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Globally, one million plastic bottles are sold every minute. (Photo: Screenshot)

Globally, one million plastic bottles are sold every minute. (Photo: Screenshot)

How Coke and Pepsi Can Score the Ultimate Touchdown at Next Year’s Super Bowl

By endorsing container deposits, the big brands can reduce their plastic footprint, their carbon emissions, and celebrate a transformative shift on the plastics crisis

Sam Pearse

LA Rams vs. New England Patriots took center stage at the Super Bowl Sunday, but the pre-match build-up has been dominated by Coca-Cola vs. Pepsi.

Pepsi has been vying for advertising dominance in Atlanta, Coca-Cola’s home turf, while Coke’s pre-game commercial embraces diversity, a message that feels political in today’s climate. This follows a growing trend of major brands taking progressive stances on social issues from toxic masculinity, solidarity with Colin Kapaernick and Brexit. But is the moral high ground yours to take when it’s not reflected in your business model?

PR campaigns aside, both Coca-Cola and PepsiCo are major contributors to the plastic crisis. Last summer my organization, The Story of Stuff Project, helped coordinate hundreds of ‘brand audits’ in collaboration with the #breakfreefromplastic movement. Adding a twist to the traditional beach clean up, volunteers identified the type and brands associated with 187,000 pieces of plastic pollution collected across the world. The companies with the biggest plastic footprint? Coca-Cola, PepsiCo, and Nestle.

Although much of today’s packaging is inherently problematic, the second most commonly found item in our audit was plastic bottles (PET). It’s one of the few types of plastic that can be widely recycled so long as it’s collected, and herein lies the challenge of a product designed to be consumed ‘on the go.’ Enter an ingenious solution: container deposits. By adding a refundable deposit to the price of a bottle you incentivize its return for recycling.

It’s a proven measure that reduces the chances of a bottle of Coke or Pepsi from getting landfilled or polluting the environment after use. It’s virtually eliminated polluted bottles in Michigan and Oregon, two of the US’s ten states with ‘bottle bills’. Their systems recover over 90% of their beverage bottles, as opposed to 20% - 30% of bottles collected on average in curbside recycling across the US.

Rather than embrace this solution, Coca-Cola and Pepsi embrace industry lobbying groups that undermine such legislation.

But rather than embrace this solution, Coca-Cola and Pepsi embrace industry lobbying groups that undermine such legislation. Last December, a group of legislators backed by the Michigan Soft Drink Association attempted to rush through legislation in lame-duck season to end Michigan’s world-class deposit system. These skirmishes occur periodically to weaken existing systems as well as obstruct new container deposit laws addressing the plastic blighting their communities.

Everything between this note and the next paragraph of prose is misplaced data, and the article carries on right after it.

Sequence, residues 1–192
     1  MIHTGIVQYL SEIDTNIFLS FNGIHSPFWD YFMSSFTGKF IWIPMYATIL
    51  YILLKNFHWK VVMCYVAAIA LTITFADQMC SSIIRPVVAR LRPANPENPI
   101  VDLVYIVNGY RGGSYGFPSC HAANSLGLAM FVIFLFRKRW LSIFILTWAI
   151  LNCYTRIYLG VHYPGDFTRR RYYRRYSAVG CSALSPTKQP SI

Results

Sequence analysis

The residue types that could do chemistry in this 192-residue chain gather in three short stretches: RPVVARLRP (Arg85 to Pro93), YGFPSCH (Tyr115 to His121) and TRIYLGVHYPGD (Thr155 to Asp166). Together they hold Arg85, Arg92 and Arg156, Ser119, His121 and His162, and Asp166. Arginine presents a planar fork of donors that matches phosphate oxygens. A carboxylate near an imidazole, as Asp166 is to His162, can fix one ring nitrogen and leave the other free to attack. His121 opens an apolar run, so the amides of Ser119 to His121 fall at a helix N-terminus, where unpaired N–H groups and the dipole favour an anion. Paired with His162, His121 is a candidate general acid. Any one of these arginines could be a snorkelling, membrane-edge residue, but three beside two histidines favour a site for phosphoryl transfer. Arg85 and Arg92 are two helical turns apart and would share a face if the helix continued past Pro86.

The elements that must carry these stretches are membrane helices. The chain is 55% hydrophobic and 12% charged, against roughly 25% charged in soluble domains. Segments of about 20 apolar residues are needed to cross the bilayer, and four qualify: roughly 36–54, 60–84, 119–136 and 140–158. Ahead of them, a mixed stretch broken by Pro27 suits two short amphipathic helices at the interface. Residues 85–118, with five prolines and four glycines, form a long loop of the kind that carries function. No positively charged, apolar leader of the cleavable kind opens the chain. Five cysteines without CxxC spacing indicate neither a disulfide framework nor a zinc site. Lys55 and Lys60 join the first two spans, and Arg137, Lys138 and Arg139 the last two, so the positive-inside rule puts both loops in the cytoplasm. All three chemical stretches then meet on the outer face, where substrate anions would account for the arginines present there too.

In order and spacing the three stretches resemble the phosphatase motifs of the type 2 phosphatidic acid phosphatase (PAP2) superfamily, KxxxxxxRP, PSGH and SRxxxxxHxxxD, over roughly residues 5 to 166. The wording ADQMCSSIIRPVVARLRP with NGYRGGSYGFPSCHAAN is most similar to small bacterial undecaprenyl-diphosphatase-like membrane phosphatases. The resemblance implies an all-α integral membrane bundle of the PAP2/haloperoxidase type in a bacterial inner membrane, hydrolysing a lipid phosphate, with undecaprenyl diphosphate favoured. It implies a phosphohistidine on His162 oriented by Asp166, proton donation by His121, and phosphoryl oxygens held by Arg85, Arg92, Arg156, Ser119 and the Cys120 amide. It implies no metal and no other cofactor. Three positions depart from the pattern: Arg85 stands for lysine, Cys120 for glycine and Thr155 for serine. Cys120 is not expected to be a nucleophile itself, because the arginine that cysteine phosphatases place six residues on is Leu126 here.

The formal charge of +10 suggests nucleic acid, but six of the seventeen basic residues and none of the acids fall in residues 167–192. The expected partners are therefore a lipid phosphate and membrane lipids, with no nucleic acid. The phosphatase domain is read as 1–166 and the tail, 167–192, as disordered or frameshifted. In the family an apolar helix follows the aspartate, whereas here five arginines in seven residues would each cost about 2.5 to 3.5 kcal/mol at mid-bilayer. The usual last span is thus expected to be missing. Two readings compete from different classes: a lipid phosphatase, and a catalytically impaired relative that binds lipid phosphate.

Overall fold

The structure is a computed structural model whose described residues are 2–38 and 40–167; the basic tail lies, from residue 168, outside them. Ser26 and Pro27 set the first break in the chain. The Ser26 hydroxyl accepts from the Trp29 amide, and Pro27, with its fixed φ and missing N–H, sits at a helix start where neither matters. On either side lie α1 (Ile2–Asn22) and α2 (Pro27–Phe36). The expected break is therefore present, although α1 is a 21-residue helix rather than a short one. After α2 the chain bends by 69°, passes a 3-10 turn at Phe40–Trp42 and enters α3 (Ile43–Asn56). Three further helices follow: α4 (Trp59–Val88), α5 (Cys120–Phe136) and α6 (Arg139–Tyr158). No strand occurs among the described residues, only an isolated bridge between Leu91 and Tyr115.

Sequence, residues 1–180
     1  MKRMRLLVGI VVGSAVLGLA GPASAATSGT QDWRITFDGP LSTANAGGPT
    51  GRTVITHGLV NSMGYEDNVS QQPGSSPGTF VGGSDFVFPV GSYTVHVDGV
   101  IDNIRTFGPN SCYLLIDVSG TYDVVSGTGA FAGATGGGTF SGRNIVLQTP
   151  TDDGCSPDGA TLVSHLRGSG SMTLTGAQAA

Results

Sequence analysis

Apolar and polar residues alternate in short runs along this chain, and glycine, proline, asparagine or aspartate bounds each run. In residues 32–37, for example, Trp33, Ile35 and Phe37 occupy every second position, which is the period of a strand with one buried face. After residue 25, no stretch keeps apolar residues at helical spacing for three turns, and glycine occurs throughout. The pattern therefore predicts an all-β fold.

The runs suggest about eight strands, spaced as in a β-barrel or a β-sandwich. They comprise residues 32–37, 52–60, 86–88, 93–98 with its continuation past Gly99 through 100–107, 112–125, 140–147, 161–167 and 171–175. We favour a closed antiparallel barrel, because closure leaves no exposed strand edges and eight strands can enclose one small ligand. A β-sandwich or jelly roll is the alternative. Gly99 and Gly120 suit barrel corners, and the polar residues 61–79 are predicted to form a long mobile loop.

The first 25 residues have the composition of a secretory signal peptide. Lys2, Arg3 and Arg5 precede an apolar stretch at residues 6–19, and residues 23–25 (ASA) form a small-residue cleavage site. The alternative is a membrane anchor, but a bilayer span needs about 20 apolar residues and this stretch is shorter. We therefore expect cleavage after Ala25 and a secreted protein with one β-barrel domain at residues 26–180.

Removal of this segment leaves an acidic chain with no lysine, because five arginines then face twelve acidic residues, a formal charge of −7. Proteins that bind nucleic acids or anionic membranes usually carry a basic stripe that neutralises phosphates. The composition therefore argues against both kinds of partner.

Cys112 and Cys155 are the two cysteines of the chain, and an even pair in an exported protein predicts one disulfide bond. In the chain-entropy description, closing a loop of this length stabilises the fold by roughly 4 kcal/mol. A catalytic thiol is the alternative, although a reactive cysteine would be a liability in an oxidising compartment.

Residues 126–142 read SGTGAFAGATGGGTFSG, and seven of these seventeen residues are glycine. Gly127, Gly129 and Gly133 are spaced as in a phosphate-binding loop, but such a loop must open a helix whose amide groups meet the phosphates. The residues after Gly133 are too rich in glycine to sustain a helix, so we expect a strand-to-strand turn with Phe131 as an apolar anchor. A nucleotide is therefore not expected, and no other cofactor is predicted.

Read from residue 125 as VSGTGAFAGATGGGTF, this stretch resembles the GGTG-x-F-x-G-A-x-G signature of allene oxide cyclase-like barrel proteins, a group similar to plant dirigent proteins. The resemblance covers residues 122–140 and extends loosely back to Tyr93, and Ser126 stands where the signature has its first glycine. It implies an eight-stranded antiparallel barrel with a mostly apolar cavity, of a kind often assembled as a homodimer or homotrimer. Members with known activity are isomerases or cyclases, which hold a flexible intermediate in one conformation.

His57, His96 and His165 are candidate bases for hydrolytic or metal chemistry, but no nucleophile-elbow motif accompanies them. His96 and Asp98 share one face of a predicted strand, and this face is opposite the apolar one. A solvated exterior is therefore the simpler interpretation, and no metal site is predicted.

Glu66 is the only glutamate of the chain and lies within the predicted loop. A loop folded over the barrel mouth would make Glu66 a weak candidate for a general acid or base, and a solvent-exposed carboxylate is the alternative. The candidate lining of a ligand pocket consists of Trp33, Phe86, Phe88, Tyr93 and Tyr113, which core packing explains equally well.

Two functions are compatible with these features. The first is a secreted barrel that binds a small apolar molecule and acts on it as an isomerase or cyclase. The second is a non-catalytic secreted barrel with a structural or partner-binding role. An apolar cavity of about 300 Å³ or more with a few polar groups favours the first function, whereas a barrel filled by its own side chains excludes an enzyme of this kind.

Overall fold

But the growing stature of the plastic crisis is forcing the idea into consideration. Coca-Cola Europe recently completed a 180-degree turn and is now participating in shaping an effective container deposit system in the UK. While at last week’s World Economic Forum in Davos, James Quincey, the CEO of Coca-Cola stated that the "value" of their packaging was the key to higher recycling rates.

These companies are presumably concerned that container deposits don't revolve around convenience: a concern that embodies the "disposable" mindset that led us to the current plastic crisis. Polling across locations where container deposits exist, however, show high levels of support for the system. I believe that’s because, in an age where plastic is entering our air, water, and food, contributing to part of the solution can feel rewarding.

Globally, one million plastic bottles are sold every minute. By endorsing container deposits, the big brands can reduce their plastic footprint, their carbon emissions, and celebrate a transformative shift on the plastics crisis. Those sound like good ingredients for next year’s winning Super Bowl commercial.


Our work is licensed under Creative Commons (CC BY-NC-ND 3.0). Feel free to republish and share widely.

Sam Pearse

Sam Pearse is Campaign Manager of Plastics, The Story of Stuff Project

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